Published: 9/30/2020 4:38:31 PM I read with interest the guest column “Housing is an urgent human right” (Sept. 21). I agree that s...
Published: 9/30/2020 4:38:31 PM
I read with interest the guest column “Housing is an urgent human right” (Sept. 21). I agree that stable housing is the foundation from which a safe and meaningful life can be developed. I suspect the timing of the piece is also tied to the pending end-date of the eviction moratorium for nonpayment of rent in Massachusetts.
I grew up with housing instability (e.g., I attended four schools during third grade — meaning three moves through two states in 10 months). I experienced homelessness as a child, young adult and again as a parent of small children. I worked as a lay-advocate for low-income renters facing eviction for 10-plus years.
I served as the manager of financial programs aimed at stabilizing housing situations; provided supportive services to help steady the lives of subsidized-tenants living with HIV/AIDS; was a project manager for affordable-housing development, and served on committees and boards addressing housing equity issues.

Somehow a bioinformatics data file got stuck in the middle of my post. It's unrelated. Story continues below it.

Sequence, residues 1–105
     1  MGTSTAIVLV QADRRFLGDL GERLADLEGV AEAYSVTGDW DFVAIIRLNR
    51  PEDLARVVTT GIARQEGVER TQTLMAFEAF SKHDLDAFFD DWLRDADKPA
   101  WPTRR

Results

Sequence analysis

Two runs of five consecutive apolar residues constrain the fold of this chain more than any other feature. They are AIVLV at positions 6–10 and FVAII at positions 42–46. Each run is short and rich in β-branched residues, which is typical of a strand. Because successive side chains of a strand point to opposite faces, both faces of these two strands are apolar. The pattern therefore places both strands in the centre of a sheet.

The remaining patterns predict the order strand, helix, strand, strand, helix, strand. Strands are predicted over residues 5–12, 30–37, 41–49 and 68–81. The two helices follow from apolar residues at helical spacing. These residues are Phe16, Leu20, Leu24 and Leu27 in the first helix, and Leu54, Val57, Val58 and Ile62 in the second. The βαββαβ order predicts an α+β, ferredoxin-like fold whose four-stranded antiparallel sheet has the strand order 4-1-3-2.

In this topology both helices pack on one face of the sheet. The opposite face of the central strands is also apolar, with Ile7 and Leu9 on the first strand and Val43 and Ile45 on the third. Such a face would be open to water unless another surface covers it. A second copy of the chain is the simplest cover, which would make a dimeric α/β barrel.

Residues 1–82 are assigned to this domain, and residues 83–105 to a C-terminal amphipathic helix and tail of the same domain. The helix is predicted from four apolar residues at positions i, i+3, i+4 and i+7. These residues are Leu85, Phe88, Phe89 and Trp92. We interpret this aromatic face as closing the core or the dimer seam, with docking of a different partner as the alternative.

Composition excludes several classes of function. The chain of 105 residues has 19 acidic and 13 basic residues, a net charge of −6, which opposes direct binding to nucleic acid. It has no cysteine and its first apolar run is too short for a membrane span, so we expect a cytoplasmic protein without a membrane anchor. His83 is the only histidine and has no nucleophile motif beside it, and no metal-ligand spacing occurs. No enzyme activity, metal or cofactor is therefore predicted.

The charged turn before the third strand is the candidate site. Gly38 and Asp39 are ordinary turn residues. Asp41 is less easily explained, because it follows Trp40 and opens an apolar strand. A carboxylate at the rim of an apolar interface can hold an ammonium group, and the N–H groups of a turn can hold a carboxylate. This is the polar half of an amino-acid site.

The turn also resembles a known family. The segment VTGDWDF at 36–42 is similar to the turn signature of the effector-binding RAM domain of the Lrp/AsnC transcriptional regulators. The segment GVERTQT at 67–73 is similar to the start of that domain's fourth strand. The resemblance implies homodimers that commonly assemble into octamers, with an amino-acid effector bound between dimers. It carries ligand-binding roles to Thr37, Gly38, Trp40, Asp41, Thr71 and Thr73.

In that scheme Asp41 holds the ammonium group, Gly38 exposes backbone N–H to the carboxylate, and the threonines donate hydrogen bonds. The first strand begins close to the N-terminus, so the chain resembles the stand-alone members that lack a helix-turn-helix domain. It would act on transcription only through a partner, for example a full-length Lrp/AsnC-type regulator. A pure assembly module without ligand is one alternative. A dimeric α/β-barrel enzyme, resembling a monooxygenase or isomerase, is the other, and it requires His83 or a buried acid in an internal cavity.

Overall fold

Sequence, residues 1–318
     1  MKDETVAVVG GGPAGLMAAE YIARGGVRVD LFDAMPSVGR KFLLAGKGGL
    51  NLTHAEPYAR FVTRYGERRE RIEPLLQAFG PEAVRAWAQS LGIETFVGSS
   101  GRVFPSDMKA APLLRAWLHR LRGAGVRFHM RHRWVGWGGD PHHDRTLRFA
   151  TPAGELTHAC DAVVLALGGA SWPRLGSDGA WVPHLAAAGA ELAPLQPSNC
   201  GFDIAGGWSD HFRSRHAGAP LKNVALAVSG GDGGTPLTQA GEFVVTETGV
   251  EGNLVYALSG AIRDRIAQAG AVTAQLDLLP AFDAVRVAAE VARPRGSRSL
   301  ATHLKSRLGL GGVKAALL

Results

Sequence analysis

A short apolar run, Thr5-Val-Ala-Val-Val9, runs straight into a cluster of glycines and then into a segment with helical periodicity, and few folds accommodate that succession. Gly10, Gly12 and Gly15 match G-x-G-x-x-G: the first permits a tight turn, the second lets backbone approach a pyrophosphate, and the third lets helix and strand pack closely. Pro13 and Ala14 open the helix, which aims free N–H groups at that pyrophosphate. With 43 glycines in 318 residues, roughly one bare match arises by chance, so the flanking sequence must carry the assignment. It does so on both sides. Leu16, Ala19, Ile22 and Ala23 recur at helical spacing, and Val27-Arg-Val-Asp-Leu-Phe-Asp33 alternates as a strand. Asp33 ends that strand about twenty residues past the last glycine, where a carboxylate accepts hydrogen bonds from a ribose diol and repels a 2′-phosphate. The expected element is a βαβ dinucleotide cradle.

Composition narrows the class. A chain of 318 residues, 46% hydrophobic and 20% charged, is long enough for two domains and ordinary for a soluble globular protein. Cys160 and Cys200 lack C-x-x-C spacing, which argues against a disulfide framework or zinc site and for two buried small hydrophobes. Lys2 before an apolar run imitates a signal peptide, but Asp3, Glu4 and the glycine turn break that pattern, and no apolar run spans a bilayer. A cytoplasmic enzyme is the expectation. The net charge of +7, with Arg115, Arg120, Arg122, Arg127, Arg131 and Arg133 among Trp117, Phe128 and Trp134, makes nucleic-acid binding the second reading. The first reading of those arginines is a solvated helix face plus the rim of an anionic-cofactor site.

I understand this issue from many perspectives. The eviction moratorium was not named in the piece, so I will limit my comments to “there must be landlords in order for there to be rental housing, and it costs money to own and maintain properties. Few problems have simple solutions.”
As the Northampton Human Rights Commission considers their advocacy, I wish to add that I was grateful to the city for installing port-a-potties around our downtown neighborhood last winter. Some sites even had the hand-washing stations. These provided encamped people in our neighborhood a place, other than the woods and meadows, to defecate. It has become such a crisis, that I am reluctant to walk in areas I used to frequent daily.
Universal access to sanitation is also a human right, and much easier to address than the decades-in-the-making shortage of affordable housing, mental health erosion, and lack of adequate human services. Nevermind our country stubbornly clinging to a “self-made” or individualism ideology that ignores the reality of power.
Let us continue using our power to make the community better and safer for all of us, including providing access to sanitation.